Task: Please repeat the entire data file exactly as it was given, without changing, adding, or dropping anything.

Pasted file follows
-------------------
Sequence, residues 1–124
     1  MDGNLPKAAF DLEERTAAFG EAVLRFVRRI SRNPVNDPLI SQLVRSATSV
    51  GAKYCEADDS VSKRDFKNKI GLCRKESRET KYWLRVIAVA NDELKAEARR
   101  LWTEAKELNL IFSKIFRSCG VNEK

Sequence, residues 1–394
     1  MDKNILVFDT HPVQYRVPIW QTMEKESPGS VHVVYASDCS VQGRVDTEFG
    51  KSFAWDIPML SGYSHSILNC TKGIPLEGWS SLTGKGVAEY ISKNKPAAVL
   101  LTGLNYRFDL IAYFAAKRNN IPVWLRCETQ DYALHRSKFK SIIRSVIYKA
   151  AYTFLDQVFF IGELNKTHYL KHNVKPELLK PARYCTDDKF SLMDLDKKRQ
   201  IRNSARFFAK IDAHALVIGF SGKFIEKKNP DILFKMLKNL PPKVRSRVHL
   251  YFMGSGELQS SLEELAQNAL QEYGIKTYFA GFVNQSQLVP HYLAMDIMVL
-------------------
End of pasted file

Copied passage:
Sequence, residues 1–124
     1  MDGNLPKAAF DLEERTAAFG EAVLRFVRRI SRNPVNDPLI SQLVRSATSV
    51  GAKYCEADDS VSKRDFKNKI GLCRKESRET KYWLRVIAVA NDELKAEARR
   101  LWTEAKELNL IFSKIFRSCG VNEK

Sequence, residues 1–394
     1  MDKNILVFDT HPVQYRVPIW QTMEKESPGS VHVVYASDCS VQGRVDTEFG
    51  KSFAWDIPML SGYSHSILNC TKGIPLEGWS SLTGKGVAEY ISKNKPAAVL
   101  LTGLNYRFDL IAYFAAKRNN IPVWLRCETQ DYALHRSKFK SIIRSVIYKA
   151  AYTFLDQVFF IGELNKTHYL KHNVKPELLK PARYCTDDKF SLMDLDKKRQ
   201  IRNSARFFAK IDAHALVIGF SGKFIEKKNP DILFKMLKNL PPKVRSRVHL
   251  YFMGSGELQS SLEELAQNAL QEYGIKTYFA GFVNQSQLVP HYLAMDIMVL